> Then at 11.00 Ramsgate Coxswain Ian Cannon and Eastbourne Coxswain Dave Needham shook hands in front of their crew and the symbolic handover was complete.


> Father John Chater, the Station Chaplain, said a prayer for the safety of both the crews and the boats set off on a tour of the harbour before Ramsgate Tamar Diamond Jubilee and relief lifeboat Tamar Peter and Lesley-Jane Nicholson set off their water hoses and Esme Anderson passed under an arch of spray and out of the harbour with the local fishing boats, blowing their horns, following her out and the crowds on both arms of the harbour cheering and waving her goodbye.


> Ramsgate volunteer crew will be sorry to see her go, as over the nearly thirty years that they had her they had many fond memories, not just of rescues but the fun times as well.


> Volunteer crew Jason Crome shared his memory of his first time of stepping onboard Esme in those early days. ‘Times were different then and when the lifeboat needed to launch, if there was no crew available then they would take the most experienced person available. Then Coxswain Ron Cannon asked me to jump on board to launch to a yacht in distress, what an amazing rush! That was when I was in my early twenties and I went on to become a member of the crew and still am to this day.’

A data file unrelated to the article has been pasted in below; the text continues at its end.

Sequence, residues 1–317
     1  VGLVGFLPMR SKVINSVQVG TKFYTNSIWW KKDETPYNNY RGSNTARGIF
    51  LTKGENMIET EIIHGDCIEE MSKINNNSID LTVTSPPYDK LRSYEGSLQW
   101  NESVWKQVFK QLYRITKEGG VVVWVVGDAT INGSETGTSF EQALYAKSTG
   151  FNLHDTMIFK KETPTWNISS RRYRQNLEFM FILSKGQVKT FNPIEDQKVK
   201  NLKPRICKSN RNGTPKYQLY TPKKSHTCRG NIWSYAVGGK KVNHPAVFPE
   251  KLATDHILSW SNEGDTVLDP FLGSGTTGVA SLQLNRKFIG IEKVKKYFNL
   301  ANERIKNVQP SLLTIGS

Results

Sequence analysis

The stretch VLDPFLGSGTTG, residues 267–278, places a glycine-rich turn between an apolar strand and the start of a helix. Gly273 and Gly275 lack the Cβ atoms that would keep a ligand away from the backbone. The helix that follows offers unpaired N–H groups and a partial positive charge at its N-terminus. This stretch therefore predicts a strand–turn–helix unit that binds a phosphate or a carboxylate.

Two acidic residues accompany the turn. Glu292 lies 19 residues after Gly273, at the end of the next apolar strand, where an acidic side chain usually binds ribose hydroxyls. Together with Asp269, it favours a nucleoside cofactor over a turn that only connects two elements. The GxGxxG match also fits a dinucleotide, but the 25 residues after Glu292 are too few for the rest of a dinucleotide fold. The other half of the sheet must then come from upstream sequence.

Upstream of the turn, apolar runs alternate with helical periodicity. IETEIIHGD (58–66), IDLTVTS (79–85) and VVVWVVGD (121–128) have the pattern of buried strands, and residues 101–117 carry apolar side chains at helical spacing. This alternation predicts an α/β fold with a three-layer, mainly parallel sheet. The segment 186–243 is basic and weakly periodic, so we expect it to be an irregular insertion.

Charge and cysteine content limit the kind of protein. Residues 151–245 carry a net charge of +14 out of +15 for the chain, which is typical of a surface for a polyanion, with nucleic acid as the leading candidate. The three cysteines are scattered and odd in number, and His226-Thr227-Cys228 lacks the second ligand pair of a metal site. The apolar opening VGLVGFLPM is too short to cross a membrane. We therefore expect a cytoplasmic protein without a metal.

> Clive Nichols, the Deputy Mechanic remembers crossing the Channel on Esme Anderson with the Dunkirk Little Ships Association, not once but three times. Every five years the DLSA commemorates Operation Dynamo returning to Dunkirk in commemoration of those who fought for us, those that died and didn’t return. As well as being escorted across by the Royal Navy, the elderly but immaculate boats are also escorted by the RNLI. In Ramsgate’s case this is for two reasons.